David Noël: Welcome to the Manitoba Business Podcast, featuring interviews with business leaders and entrepreneurs based in this great province. I’m David Noël.
Today’s interview features two guests for the price of one. And, while I don’t intend to diminish their hard work in any way, these guys are the closest thing to an actual overnight success story I’ve ever seen. Just over a year ago, they started making candles together as a hobby. Since then, their candles have been handled by some of the world’s biggest celebrities, and they fill orders for several thousand candles a month. In the interview, I do my best to dig into the mechanics of their breakout success.
I hope you enjoy this episode. If you do, please consider adding a review on iTunes. I would also encourage you to spread the word about this podcast—the website is www.manitobabusinesspodcast.com
Without further ado, here are Amanda and Tom:
[to Amanda & Tom] Thanks so much for taking the time, guys.
Amanda: Yeah, thank you!
Tom: Our pleasure.
Amanda: We’re excited!
David: It’s cool to meet you. I guess for the benefit of the people listening, maybe let’s start off by just having you guys give the brief introduction of who you are and what you do.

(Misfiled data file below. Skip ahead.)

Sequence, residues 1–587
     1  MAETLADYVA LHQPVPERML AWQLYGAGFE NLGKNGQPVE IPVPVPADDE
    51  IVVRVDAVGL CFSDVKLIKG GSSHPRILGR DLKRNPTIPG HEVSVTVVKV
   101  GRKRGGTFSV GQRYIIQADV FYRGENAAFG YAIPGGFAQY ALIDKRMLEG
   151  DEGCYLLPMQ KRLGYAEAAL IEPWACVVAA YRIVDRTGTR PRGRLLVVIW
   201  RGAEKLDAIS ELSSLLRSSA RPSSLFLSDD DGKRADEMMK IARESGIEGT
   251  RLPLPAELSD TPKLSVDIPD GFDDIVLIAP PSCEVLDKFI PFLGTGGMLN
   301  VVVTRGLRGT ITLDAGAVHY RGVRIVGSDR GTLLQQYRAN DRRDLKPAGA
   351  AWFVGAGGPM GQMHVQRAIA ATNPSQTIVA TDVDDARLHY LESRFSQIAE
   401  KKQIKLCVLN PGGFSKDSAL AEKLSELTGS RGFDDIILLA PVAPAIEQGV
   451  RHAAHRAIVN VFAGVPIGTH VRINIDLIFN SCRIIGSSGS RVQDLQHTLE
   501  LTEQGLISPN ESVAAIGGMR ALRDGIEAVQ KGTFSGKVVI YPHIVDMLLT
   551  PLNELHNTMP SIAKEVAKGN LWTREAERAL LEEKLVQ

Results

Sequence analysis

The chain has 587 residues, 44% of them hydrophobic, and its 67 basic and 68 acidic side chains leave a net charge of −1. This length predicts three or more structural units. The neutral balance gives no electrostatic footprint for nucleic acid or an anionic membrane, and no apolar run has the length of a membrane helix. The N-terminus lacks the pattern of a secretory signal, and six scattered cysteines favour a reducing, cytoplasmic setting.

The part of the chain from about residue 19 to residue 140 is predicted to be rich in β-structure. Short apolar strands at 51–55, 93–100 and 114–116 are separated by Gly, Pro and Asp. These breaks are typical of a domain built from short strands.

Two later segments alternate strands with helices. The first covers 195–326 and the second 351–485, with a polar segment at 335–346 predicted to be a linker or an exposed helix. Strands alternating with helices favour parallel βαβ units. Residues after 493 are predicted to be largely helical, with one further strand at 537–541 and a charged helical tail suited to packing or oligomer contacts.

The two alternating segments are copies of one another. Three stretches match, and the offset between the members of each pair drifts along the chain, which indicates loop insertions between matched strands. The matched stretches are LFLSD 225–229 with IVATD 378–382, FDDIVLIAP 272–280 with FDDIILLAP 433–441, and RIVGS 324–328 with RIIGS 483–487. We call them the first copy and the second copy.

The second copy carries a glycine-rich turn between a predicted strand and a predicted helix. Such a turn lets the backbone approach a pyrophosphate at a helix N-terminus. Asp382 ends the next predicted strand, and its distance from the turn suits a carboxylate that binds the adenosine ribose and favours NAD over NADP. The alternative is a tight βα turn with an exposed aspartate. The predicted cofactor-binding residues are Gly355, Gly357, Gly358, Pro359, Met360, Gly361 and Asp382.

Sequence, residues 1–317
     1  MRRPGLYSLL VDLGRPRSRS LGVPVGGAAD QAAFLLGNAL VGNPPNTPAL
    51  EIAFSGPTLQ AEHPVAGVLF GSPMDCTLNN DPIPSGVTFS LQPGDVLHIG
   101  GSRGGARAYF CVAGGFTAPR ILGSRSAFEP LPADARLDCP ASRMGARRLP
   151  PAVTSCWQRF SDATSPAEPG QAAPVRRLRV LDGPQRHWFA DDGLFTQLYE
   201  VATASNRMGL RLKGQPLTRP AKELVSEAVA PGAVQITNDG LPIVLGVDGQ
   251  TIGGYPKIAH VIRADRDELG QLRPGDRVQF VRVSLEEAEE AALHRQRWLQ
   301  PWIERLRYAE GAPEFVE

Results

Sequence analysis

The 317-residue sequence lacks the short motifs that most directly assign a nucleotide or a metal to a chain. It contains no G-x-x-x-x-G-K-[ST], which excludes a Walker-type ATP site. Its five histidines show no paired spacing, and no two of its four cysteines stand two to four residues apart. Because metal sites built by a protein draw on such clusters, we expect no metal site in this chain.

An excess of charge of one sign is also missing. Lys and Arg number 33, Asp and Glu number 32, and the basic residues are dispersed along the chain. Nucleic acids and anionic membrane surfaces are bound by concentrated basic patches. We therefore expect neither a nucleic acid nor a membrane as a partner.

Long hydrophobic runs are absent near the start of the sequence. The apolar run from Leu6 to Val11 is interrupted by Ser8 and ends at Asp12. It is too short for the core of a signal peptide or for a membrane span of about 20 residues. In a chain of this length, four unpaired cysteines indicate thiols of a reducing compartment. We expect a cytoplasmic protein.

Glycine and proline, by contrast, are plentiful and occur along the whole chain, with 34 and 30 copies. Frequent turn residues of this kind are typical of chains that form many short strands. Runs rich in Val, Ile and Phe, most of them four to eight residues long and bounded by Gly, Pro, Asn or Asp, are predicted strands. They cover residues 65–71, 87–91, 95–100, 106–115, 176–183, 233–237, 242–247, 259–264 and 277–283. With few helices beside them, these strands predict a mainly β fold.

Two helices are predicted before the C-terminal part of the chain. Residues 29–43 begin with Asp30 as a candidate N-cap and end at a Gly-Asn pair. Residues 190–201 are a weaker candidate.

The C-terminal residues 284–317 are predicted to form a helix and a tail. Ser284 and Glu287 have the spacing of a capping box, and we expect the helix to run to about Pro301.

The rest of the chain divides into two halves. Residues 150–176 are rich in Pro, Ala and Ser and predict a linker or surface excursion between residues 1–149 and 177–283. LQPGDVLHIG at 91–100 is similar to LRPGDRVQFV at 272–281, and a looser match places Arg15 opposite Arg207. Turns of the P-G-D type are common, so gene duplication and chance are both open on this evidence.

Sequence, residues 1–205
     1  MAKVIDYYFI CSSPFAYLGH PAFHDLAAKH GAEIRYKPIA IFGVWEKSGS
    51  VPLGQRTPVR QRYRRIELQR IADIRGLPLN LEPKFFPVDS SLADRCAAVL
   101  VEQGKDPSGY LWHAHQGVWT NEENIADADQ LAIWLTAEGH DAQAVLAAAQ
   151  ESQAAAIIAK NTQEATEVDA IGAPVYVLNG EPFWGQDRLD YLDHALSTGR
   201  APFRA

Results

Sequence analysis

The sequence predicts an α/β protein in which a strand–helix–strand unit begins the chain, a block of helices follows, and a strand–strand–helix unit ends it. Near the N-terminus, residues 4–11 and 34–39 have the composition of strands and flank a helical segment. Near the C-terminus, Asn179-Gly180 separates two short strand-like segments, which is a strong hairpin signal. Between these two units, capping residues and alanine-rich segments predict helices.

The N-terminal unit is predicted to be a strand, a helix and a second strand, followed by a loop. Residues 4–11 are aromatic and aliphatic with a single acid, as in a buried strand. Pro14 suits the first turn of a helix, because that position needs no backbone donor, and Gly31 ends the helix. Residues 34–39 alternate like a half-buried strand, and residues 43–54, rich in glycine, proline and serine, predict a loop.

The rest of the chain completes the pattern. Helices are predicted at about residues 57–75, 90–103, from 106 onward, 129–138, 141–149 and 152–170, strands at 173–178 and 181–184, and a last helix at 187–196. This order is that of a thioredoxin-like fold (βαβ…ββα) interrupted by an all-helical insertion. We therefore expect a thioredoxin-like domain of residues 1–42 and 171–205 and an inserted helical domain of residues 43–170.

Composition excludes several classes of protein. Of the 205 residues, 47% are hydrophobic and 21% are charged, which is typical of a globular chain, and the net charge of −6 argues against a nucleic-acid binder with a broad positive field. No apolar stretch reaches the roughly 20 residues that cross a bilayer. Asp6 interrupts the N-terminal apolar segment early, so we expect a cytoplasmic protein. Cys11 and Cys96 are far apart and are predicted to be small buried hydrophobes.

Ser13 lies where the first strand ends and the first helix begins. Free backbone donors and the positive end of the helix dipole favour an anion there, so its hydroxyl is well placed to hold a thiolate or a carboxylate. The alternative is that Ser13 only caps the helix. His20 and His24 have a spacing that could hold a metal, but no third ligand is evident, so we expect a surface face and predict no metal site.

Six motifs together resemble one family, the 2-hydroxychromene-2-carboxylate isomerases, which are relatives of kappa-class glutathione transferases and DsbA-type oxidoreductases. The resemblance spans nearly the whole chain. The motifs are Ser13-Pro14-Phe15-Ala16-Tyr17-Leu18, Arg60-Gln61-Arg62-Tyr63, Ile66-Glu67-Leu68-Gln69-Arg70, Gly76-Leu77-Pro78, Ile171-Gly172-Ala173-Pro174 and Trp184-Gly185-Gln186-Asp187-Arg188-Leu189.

Tom: Sure. We’re Coal and Canary Candle Company. My name is Tom.
Amanda: My name is Amanda.
Tom: We’re based here in Winnipeg and we do hand-poured, soy-vegetable-blend candles, and our candles feature a wide, crackling, wooden wick.
Amanda: Yeah. So we’ve only been around for about a year or so, but we’ve had some quick success I guess. So it’s been exciting!
David: Yeah. You guys just told me, before I started recording, that you do like thousands of candles a month, which is insane.
David: So you’ve been in business for a year and you do thousands of candles a month. And you guys do them all by hand, right?
Amanda: We do.
Tom: We do, yeah. We hand pour everything here in our studio in Winnipeg. Yeah, we started a year ago. We were ecstatic when we sold our first 12 candles, and it kind of just took off since then. We’re now in about a hundred retailers across Canada and the US, and yeah, we’re making about 10,000 candles a month for the holiday season…
David: Wild growth.
Tom: …and shipping them all over the country.
David: Okay, so there’s a lot to unpack there. I guess let’s start with, “What were you guys doing before you were candlemakers?
Tom: I was a registered nurse.
Amanda: And I was a full-time graphic designer.
Tom: So we both quit our full-time jobs about four months ago to pursue this full time, which is great.
Amanda: Yeah, yeah, it was pretty wild. I never though, a year ago, that I would be quitting my full-time career to pour candles for a living!
David: Right. Okay, so then let’s rewind a little bit. When you guys started this company, what was the plan? What was your ambition at that point?
Tom: It was really kind of an excuse to hang out more and both have that kind of creative outlet again.